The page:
I got into mixing after my partner Dan got me into collecting records and taught me how to beatmatch on turntables. Beatmatching made mixing a lot more fun and dynamic, and at the same time I was seeing initiatives around making club DJing more accessible. Seeing how other DJs used the medium to produce unexpected results really inspired me to keep practicing and become better at expressing myself through DJing.

CZ: Speaking of radio DJing — I know you and your partner Dan have been working at a regular radio show from your house for some time now. Where’d the idea come from? How do you put the shows together?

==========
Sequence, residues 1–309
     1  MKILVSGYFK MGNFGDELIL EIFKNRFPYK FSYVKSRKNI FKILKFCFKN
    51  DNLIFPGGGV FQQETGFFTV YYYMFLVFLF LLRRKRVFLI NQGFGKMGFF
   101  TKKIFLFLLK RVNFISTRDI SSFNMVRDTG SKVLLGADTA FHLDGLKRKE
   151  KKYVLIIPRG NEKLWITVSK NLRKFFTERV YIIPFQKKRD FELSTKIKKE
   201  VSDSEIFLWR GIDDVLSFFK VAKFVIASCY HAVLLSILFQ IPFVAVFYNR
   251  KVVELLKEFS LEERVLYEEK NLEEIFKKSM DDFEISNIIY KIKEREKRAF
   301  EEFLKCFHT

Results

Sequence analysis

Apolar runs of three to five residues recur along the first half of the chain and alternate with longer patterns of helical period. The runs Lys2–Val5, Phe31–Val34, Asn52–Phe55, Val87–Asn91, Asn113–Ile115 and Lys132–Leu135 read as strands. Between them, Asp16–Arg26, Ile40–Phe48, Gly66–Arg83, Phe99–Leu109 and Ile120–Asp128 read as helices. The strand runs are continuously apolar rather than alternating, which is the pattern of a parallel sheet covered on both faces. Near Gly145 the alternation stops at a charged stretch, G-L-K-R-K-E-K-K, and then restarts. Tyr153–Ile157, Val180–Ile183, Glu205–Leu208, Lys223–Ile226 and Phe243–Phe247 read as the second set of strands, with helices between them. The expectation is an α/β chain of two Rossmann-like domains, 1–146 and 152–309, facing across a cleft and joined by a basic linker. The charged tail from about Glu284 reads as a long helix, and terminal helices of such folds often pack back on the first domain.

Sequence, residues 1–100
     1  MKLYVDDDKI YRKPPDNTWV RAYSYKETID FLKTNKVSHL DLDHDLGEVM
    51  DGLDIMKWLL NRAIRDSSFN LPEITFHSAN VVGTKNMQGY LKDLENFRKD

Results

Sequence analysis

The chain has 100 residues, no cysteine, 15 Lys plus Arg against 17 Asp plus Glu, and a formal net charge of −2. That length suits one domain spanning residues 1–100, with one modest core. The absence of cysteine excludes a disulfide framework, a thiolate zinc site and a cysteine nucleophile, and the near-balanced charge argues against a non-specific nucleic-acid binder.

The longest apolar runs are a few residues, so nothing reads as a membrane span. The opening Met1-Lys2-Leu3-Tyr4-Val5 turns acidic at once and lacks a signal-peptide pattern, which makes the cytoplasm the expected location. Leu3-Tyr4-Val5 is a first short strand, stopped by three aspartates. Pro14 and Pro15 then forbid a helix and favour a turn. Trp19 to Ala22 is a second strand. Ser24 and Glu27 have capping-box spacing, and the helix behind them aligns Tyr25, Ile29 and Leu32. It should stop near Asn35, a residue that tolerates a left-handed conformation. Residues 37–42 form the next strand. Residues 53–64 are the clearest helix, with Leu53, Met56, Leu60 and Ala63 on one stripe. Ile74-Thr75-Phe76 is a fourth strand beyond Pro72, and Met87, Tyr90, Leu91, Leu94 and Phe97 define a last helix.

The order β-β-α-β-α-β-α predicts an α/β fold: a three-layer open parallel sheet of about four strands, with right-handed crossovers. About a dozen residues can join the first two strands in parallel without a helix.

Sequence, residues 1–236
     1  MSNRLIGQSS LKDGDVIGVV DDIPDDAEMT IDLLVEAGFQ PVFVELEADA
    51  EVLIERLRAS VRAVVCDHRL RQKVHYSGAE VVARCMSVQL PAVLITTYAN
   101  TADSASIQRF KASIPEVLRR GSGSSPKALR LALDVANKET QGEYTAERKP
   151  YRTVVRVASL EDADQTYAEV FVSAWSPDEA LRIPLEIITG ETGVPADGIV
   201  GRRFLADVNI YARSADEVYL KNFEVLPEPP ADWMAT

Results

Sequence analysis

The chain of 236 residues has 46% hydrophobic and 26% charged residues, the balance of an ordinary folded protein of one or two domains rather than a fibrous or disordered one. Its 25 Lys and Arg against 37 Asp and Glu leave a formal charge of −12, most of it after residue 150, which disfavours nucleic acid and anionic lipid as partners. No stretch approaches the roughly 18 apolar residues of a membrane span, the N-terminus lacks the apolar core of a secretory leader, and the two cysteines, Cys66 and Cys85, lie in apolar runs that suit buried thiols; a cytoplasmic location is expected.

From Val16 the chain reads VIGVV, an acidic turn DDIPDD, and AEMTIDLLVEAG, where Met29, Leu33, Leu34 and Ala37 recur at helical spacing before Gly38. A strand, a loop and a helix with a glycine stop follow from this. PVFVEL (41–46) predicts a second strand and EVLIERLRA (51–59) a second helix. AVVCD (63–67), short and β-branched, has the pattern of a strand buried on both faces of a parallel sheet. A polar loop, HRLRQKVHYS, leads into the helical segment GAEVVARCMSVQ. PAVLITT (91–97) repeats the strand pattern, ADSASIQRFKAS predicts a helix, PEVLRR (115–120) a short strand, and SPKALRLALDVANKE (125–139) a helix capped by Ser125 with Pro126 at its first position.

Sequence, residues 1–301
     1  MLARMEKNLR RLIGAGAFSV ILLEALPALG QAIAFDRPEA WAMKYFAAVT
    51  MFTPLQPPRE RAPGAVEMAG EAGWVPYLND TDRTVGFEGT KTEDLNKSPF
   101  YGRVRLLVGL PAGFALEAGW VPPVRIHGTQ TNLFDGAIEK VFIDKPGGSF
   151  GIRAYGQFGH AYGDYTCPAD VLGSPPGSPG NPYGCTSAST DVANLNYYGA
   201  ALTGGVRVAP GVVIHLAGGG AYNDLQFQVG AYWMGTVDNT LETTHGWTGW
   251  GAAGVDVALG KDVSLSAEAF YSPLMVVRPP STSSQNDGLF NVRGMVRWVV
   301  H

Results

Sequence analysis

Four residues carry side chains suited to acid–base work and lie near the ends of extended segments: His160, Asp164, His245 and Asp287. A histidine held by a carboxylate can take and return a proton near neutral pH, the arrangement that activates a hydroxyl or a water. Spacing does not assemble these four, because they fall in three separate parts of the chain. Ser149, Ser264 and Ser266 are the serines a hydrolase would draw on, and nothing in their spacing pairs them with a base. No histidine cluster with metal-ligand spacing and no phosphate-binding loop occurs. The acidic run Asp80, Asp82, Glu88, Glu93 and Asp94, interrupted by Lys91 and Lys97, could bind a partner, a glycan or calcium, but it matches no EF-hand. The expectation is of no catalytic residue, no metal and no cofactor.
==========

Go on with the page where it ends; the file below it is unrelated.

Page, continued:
WF: The idea came from both of us wanting to dedicate time to keeping up the practice of mixing while also being an opportunity for us to show each other new music we’d come across that week. When we first started doing it, I was still pretty bad and it was nerve wracking to practice on a live stream, but doing it weekly helped me personally a ton in terms of developing skill, thinking on my toes, and not fretting too much over small mistakes. Not a lot of people actually tune in live, but we treat it as our own little ritual that we keep ourselves to. 

In terms of putting the shows together, we actually don’t plan anything out with each other beforehand, haha. We just each have some music we want to play that week and mostly wing it b2b with some solo runs in between. Sometimes one of us will say, oh I have a bunch of this bpm or that vibe this week, and the other will accommodate that too. Despite that though, we usually end up with some pretty decent mixes!